Headteacher claims iPads and iPhones are impeding children’s speech

The Mail is reporting warnings from a private school head that primary school children are now speaking like toddlers because their parents are ‘pacifying’ them with iPads instead of talking to them…

Jo Heywood said too many parents are failing to communicate with young children, instead filling their homes with digital devices to ‘keep them quiet’.

She said the problem, which happens ‘across the social spectrum’, was ultimately stunting children’s speech development.

And when they enter school aged five, some ‘cannot even talk’, with the communication skills of a two or three-year-old…

She said: ‘You only have to spend a few hours watching parents or carers in any high street in this land to see how addictive and time consuming mobile technology is for them.

‘I frequently see parents with prams juggling their childcare duties with texting or browsing the internet and having virtually no communication with their baby or toddler…

‘There is no social barrier to the parents I see doing this. This is a digital not a class issue. iPhones and iPads have become the new pacifiers…’

‘So the end result is that thousands of children are entering a primary school system with the communication skills of a 2 or 3 year old instead of a 4 or 5 year old,’ she said.

‘Some of them cannot even talk let alone be in a position to learn to read via a phonics system, many teachers have reported. This puts even more pressure on a primary system which is geared towards helping children read and write in the early years…’

More at: Headteacher said iPads and iPhones was impeding children’s speech

 

What do you think of these claims from Jo Heywood? Would you agree that too much tablet use might be impeding speech development amongst the current generation of 4 to 5 year olds? Please share your feedback in the comments or via Twitter…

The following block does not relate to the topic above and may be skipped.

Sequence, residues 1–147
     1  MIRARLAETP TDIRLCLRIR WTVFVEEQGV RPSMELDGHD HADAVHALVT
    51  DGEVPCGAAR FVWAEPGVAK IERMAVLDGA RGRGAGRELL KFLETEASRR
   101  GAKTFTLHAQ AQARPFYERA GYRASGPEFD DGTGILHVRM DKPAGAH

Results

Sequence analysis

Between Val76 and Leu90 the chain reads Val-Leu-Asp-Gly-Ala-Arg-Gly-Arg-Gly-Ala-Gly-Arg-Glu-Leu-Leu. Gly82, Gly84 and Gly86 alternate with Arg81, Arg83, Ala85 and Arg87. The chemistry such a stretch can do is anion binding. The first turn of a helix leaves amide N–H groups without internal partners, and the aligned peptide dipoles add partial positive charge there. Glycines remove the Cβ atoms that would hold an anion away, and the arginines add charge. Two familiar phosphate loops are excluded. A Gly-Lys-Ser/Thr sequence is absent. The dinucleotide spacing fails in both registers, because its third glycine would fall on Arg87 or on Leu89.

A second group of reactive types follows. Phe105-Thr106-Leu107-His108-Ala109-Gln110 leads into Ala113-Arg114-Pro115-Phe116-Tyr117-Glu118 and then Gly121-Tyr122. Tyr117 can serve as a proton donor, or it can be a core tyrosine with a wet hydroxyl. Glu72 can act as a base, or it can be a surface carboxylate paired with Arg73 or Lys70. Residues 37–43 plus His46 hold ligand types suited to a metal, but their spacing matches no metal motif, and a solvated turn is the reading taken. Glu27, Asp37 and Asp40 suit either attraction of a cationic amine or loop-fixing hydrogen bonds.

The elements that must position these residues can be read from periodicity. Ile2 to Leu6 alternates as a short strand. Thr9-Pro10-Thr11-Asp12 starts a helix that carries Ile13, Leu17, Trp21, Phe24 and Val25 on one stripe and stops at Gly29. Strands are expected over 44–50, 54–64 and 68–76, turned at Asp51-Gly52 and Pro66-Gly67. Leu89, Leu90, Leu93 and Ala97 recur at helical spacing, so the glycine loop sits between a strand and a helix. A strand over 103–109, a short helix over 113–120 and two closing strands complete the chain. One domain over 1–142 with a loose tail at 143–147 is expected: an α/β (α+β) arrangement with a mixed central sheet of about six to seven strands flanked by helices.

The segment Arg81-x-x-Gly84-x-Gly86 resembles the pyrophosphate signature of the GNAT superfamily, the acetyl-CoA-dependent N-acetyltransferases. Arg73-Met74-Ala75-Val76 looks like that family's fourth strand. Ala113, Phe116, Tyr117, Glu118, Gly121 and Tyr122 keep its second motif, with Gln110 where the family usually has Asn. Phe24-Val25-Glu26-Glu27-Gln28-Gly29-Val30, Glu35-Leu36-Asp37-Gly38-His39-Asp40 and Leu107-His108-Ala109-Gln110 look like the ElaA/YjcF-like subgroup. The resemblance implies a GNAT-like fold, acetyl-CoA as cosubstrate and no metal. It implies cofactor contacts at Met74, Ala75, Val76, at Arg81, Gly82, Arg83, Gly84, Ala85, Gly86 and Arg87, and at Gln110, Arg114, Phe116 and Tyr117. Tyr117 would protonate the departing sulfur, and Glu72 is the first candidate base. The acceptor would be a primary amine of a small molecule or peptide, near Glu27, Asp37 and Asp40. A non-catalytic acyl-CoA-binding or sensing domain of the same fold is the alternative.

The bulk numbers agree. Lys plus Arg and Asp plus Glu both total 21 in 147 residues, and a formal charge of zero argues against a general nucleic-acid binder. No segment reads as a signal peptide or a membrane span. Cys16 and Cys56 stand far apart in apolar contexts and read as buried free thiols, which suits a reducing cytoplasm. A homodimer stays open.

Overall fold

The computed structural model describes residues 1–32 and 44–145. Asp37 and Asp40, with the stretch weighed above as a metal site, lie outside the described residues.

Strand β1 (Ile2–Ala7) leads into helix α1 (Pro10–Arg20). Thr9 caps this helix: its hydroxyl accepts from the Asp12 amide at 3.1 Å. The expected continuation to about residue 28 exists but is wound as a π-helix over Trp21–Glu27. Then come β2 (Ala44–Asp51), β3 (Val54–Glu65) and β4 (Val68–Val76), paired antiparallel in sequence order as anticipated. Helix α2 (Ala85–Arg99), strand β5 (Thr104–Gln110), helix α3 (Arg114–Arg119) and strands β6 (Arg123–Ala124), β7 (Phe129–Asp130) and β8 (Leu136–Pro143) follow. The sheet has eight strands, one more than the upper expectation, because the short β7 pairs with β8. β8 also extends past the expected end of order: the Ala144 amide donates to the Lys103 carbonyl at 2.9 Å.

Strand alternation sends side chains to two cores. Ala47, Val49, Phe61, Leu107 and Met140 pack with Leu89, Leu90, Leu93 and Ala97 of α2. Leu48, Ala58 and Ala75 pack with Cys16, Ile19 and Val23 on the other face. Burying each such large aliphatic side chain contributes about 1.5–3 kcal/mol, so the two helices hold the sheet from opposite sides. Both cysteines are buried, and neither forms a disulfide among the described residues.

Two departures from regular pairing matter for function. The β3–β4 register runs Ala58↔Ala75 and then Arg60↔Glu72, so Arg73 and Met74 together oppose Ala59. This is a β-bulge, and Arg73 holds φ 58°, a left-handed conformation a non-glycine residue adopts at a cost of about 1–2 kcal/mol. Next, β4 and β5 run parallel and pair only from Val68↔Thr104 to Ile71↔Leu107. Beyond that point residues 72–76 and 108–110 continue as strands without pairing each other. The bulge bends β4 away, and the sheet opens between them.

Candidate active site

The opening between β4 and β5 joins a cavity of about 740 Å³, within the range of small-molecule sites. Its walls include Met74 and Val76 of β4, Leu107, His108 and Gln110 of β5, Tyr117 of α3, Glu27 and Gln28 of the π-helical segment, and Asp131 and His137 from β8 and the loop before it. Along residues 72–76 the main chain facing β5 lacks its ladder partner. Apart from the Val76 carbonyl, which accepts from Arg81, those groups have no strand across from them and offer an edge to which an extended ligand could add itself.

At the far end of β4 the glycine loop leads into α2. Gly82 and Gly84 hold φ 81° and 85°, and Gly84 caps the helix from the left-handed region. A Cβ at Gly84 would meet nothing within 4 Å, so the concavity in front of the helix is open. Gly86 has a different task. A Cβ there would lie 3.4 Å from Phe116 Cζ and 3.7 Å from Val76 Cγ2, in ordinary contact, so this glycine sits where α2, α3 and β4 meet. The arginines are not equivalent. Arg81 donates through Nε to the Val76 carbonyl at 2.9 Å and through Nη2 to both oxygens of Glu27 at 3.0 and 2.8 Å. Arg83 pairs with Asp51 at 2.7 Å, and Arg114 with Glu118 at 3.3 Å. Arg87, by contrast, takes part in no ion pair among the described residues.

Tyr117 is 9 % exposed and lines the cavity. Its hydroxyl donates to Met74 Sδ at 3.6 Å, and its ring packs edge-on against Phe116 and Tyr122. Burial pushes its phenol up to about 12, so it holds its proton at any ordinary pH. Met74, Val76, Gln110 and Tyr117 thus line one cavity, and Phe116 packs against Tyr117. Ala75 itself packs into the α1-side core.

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Categories: Parenting, Primary and Technology.

Comments

  1. Paul_Gillam

    SchoolsImprove Ridiculous misrepresentation of course. The teacher said that parenting behaviours were to blame, not the iPad or iPhone….

  2. Paul_Gillam

    SchoolsImprove Ridiculous misrepresentation of course. The teacher said that parenting behaviours were to blame, not the iPad or iPhone….

  3. JeniHooper

    SchoolsImprove schools taking in younger children and may be inexperienced with the diversity communication development. #expectations

  4. Janet2

    Too sweeping a generalisation.

    But she’s right that some parents (not all) more occupied with chatting on their mobile than talking to their toddlers.  What would improve this situation?  This might sound daft but I would suggest a complete change in push chair design – toddlers face the person pushing the chair not away from them.  Looking at each other encourages communication.

  5. StephenG41HR

    SchoolsImprove This is a familiar problem to many involved with primary education. Its not a technology issue but parental engagement.

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